Although the result of a double-blind placebo-controlled crossover study indicated a possible effect of BH4 treatment in children with autistic disorder (Danfors, T. et al, 2005
), our previous studies showed only modest association to autism for the genes in the dopamine and serotonin pathways (Anderson, B.M. et al, 2008
; Anderson, B.M. et al, 2009
). In the dopamine pathway study, however, we found that YWHAB
(tyrosine 3-monooxygenase/tryptophan 5-monooxygenase activation protein, beta polypeptide), the activation protein for tyrosine-3-hydroxylase (TH
), has a nominal association to the disorder. TH
uses BH4 as a cofactor to metabolize tyrosine into L-DOPA, the precursor of dopamine. The results from this present study were modest, revealing only a marginal association with PTS
, one of the genes responsible for BH4’s biosynthesis. However, this association did not withstand the correction for multiple testing and was not replicated in the GWAS dataset.
When the hypothesis that gene-gene interaction might play an important role in the disease was tested using MDR, a modest association was detected between PTS and SPR in a 2-way interaction model in the overall dataset. Given that PTS and SPR are two consecutive genes in the BH4 synthesis (), the fact that they show epistasis may require further investigation. Using the data from our previous studies of the dopamine and serotonin pathways, we ran MDR on the 3 pathways combined, but no gene-gene interaction was detected.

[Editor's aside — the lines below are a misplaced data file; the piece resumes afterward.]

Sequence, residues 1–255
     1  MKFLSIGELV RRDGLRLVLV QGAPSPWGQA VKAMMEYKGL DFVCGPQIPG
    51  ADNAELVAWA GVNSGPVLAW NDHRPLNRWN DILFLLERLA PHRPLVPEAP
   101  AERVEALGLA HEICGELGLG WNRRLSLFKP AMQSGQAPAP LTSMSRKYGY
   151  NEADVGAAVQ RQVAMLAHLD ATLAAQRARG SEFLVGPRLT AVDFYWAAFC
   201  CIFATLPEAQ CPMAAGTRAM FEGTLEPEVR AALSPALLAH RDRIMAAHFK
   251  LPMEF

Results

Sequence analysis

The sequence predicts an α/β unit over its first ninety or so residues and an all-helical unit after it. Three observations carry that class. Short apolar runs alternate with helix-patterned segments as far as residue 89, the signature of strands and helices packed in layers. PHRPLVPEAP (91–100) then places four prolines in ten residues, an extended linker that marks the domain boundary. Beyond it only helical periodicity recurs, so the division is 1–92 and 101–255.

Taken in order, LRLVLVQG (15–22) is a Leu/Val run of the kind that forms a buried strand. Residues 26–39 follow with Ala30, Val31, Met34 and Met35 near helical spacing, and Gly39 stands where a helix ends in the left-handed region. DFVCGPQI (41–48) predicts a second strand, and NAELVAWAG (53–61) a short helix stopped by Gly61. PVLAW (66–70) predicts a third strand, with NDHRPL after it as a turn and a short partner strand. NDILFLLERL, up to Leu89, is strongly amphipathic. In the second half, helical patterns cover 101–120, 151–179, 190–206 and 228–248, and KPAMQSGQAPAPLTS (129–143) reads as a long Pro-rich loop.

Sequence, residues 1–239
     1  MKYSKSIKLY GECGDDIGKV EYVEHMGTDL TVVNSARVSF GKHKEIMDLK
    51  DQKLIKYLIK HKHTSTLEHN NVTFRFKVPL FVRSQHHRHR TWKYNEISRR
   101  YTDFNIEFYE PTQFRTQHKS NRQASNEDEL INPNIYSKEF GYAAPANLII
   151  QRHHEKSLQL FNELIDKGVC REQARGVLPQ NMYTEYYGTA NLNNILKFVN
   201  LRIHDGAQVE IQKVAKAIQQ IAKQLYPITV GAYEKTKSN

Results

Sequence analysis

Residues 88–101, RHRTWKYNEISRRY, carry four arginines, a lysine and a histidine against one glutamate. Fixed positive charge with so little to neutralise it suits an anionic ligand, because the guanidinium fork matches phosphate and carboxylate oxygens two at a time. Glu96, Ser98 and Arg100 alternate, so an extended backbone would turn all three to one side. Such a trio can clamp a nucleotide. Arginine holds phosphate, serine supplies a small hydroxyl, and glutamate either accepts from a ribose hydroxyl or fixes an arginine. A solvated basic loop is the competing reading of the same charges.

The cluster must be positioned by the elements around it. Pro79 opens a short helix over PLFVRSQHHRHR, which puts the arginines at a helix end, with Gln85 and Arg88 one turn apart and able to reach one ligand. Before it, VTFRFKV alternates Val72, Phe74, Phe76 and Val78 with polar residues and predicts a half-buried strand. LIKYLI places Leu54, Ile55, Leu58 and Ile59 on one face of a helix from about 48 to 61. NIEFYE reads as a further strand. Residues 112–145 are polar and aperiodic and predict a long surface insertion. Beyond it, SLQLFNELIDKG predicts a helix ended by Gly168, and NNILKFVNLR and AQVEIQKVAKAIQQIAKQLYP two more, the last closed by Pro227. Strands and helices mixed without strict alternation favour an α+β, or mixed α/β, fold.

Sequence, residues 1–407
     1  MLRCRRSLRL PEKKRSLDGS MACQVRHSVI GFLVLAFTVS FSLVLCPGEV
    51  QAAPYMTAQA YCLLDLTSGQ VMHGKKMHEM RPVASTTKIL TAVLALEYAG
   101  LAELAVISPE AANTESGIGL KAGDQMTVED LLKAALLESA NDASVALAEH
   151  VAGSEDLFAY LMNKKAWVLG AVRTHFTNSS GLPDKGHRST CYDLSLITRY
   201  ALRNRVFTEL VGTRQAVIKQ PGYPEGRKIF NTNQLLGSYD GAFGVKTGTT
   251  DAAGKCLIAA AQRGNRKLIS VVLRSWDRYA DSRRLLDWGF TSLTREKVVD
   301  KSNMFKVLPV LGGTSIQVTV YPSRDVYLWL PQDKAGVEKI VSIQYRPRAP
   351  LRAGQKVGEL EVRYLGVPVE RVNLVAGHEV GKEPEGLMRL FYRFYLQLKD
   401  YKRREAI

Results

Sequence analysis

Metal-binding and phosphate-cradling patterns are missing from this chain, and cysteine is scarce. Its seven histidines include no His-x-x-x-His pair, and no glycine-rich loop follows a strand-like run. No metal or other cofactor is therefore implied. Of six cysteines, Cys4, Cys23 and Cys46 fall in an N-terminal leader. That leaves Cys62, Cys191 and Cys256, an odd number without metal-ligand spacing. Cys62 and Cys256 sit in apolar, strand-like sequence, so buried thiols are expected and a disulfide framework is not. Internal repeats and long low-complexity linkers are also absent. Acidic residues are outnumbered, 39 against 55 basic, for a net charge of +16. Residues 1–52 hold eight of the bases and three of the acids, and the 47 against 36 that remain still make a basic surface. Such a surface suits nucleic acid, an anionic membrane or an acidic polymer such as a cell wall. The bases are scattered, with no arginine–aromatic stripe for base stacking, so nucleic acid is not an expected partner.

The underlying assumption that common variations in these genes are responsible for modulating the risk of autism also had an impact on our analysis. Even though we captured a significant number of these variations, our study was not fully comprehensive. Furthermore, Weiss et al. have hypothesized that rare variations (de novo mutation, deletions, duplications, point mutations) present in a large number of genes could account for as much as 90% of idiopathic autism (Weiss, L.A. et al, 2008
). If true, this would indicate that our study might not have enough power to overcome the locus heterogeneity to detect rare variations. Given that such alternatives would significantly impact the power of the PDT and MDR analysis, our data nevertheless suggest at least a modest role for one BH4-related gene (PTS
) in the risk of developing autism.